Lancashire Times
Weekend Edition
9:42 AM 2nd November 2023

How To Drive Safely In High Winds

Photo by Khamkéo Vilaysing on Unsplash
Photo by Khamkéo Vilaysing on Unsplash
Drivers have been told how to navigate the roads safely during high winds and bad weather, as Storm Ciaran is set to batter the UK.

Motoring experts from have issued ten top tips to help UK drivers battle stormy conditions on the roads.

A firm grip on the wheel, increased following distance and smart parking are all required during windy weather.

Other advice for Brits taking their vehicles out in high winds includes to allow additional time to complete their journeys, to consider vulnerable road users, to transport goods wisely and to anticipate potential sudden gusts.

Tim Alcock from said:
“Drivers typically take precautions when the roads are icy, snowy, wet or the sun is dazzling – it’s equally necessary to think ahead when it’s windy though.

“If you must travel during a storm, the first thing to do is reduce your speed, hold the wheel a bit tighter and try to stay as alert as possible.

“Of course, if conditions become too difficult, you should delay your journey until they improve.”

Here are ten tips for driving in windy weather:

1. Grip the wheel firmly

Holding the steering wheel tightly with both hands increases a driver’s level of control and ability to react in windy weather, especially if you're in a more vulnerable vehicle.

2. Anticipate sudden changes

Certain areas on the roads can be particularly prone to the wind, including large, high or exposed bridges, flyovers and viaducts – consider an alternative route, if possible.

Other sports to be extra vigilant in include valleys, on wide open roads dual carriageways surrounded by flat fields, and when approaching gaps in rows of trees or tall buildings.

3. Increase following distances

Ensuring you allow a longer gap between yourself and the vehicle driving in front of you during stormy weather should allow for increased stopping distances and reaction times.

4. Slow down

Travelling at a faster speed increases your vulnerability to high winds, as less of an impact is needed to risk wobbling or other effects on your vehicle.

Slowing down also allows more time to react to debris that could blow in to your path, whilst turns and corners should be taken much slower to to avoid being knocked off course.

5. Pack luggage wisely

Roof boxes and trailers should be removed wherever possible during stormy weather, to reduce the surface area of the vehicle and therefore reduce susceptibility to cross winds in particular.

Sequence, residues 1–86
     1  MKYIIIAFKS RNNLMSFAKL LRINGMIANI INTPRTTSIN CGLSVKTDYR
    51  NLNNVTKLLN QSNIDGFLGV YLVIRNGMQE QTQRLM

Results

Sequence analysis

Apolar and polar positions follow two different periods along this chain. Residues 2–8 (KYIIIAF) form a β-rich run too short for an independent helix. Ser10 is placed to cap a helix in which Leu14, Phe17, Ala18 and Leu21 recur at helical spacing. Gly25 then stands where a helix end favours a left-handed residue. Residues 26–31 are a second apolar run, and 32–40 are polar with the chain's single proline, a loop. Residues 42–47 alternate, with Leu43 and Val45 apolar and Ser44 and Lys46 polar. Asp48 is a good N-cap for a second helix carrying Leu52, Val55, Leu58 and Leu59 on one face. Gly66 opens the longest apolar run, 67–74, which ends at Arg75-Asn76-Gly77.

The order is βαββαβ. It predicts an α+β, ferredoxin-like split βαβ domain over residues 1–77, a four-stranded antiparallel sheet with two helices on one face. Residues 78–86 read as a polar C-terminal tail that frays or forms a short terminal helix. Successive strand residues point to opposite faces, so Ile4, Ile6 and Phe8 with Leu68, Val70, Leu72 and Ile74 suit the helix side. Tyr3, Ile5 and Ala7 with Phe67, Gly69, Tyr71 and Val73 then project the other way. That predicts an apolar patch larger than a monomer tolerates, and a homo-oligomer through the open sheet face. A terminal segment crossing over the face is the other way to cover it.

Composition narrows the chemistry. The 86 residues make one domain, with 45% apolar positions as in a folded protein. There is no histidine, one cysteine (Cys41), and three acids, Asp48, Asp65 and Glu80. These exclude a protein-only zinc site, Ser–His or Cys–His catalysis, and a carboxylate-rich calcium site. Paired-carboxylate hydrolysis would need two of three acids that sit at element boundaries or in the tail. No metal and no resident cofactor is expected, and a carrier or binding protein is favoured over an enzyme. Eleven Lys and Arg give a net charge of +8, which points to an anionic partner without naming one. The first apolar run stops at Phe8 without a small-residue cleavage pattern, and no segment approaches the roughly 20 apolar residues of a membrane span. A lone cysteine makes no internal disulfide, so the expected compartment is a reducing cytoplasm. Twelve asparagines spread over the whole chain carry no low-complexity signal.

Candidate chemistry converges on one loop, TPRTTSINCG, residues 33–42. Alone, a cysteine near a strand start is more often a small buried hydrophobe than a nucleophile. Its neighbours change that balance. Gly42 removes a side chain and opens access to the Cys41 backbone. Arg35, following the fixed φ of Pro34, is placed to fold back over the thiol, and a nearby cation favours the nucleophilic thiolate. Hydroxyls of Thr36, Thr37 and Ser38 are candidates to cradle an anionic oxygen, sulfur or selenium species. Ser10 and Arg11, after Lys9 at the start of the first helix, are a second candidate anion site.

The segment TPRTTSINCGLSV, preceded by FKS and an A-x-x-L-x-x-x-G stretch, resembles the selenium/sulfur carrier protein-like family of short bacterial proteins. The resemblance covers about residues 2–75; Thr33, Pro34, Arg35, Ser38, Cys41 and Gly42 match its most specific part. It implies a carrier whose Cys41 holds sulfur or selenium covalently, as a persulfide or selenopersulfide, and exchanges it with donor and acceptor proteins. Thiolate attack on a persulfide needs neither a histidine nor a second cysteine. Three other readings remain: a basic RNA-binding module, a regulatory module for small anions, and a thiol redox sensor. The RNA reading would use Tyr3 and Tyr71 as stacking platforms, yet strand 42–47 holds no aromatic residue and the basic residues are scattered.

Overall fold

Heavier vehicles are generally harder for high winds to impact though, so goods that are instead carried in the boot of a car or rear of a van could actually help improve stability.

6. Pay attention to warnings

Motorists should always check local weather forecasts online before starting a journey in case any potentially troubling conditions have been predicted or official weather warnings issued.

Whilst driving, keep an eye out for fixed signs that warn of areas prone to high winds and for any digital signs on motorways that warn of possible problems.

7. Consider other road users

Give a wide berth to vulnerable vehicles that may struggle to stay in their lanes in windy conditions, including large high sided lorries and caravans or other trailers.

Drivers should allow more room for motorcyclists and when passing regular cyclists than usual too, as well as staying well away from the curb in areas crowded with pedestrians.

8. Don’t park under trees

When parking up during a storm, it’s vital to carefully assess your surroundings for anything that could fall and damage your vehicle.

Drivers should steer clear of any parking spots that are directly beneath trees, scaffolding, phone poles or similar. Make sure your handbrake is in good working order before leaving your car or van too.

9. Allow extra time

Any drivers getting behind the wheel in windy conditions should allow additional time to complete their journey, in case they encounter road or lane closures, diversions, obstructions, reduced speed limits, emergency works, or potential accidents or crashes.

10. Pull over if necessary

Just as with any other extreme conditions on the roads, if windy or stormy weather becomes too risky or dangerous, drivers should pull over, turn the engine off and wait for an improvement.

To find out more about driving through high winds, head over to